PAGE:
Words Matter: How Utah is Updating Education Policy to Signal the Future of Learning in the State

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Topics: Assessement & Accountability, Education Policy

Utah has been proactively tackling policy obstacles and identifying ways the state can support innovative learning models, including grants to support digital teaching and learning and competency-based learning. The commitment was embodied by the state board last year when they incorporated personalized teaching and learning as one of the four goals in their strategic plan. Utah quickly recognized that seat-time and the connection to funding is a fundamental barrier, but the state acknowledged that it would take time and that the approach would need to be methodical.

Recognizing in 2016 the need to provide flexibility for innovative programs, the state board created “nontraditional programs” defined as distance, online, blended or competency-based learning programs. Simultaneously, the state board authorized an alternate form of reporting attendance called “continuing enrollment membership,” which is defined by the school district but may include a minimum student login or teacher contact requirement or required timelines for a student to demonstrate completed work. This change allowed nontraditional programs to begin developing alternate measures of student membership and participation for funding purposes.

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Earlier this year, in response to a request from the state’s competency-based advisory board, the term “nontraditional programs” was replaced with “learner-validated programs,” using language that will better describe the evolution of focus in schools – and recognizing that for many, what was considered “nontraditional” has become the norm. The board also updated their definition of “face-to-face instruction” to reflect an “attendance-validated program.” While the definitions remained very similar, the new terms signified great change.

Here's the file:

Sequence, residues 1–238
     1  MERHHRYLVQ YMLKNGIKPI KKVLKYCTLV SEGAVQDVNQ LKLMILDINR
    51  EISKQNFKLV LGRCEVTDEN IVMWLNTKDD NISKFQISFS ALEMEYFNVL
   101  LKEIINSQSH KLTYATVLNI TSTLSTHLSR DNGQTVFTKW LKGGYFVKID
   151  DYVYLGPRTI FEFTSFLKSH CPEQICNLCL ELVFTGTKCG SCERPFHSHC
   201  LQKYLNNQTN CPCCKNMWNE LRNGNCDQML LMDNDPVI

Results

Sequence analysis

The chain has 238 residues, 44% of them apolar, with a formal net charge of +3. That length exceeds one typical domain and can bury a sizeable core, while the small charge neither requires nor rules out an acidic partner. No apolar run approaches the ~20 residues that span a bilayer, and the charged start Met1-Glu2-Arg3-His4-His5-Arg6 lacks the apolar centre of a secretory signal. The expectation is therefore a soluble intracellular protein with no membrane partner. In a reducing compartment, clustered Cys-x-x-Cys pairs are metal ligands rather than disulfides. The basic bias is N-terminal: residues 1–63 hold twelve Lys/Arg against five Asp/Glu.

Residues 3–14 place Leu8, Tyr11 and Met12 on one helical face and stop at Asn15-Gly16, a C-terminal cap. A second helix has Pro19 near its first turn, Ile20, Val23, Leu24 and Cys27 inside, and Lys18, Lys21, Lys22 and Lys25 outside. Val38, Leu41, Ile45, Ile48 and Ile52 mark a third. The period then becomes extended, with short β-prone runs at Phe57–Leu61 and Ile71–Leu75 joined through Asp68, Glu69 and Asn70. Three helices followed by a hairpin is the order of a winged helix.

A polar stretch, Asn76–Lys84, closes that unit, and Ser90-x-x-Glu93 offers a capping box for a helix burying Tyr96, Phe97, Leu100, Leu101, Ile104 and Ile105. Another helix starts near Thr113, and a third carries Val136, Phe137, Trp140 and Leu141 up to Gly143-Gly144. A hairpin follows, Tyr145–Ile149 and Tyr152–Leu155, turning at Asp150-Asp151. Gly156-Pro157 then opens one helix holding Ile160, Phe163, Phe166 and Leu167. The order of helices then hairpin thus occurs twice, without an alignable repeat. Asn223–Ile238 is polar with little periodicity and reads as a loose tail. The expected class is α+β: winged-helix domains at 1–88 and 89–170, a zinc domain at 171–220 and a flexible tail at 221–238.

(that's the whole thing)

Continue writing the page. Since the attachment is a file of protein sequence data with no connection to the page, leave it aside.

And this month, the board took an even bolder step.

Introducing educational services

Although maintaining both the 180-day and 990-hour requirements, the board replaced “instructional hours” with “hours of educational services.” Educational services are defined as “providing learning opportunities and services designed to support a student to be prepared to succeed and lead by having the knowledge and skills to learn, engage civically and lead meaningful lives, including by providing:

  • High quality instruction for each student
  • Personalized learning supports for each student
  • Implementation of evidence-based student health and wellness practices”

This new definition is in lieu of instruction specific, attendance or student time requirements.

For Utah State Superintendent Sydnee Dickson, “these changes are incremental steps on our path toward advancing the vision laid out in Utah’s Portrait of a Graduate. Part of this vision involves valuing competencies over seat-time and a broad definition of student success – values that are reflected in these language and policy changes.”

While COVID-19 has required every state to provide some sort of flexibility in how schools will report student attendance and receive funding, Utah was in a strong position to go beyond waivers because of actions the state had already taken. Utah is implementing permanent change to support innovative learning models – and theirs is a good example for other states to emulate.

What other accountability issues arose from COVID-19 that federal policymakers should address?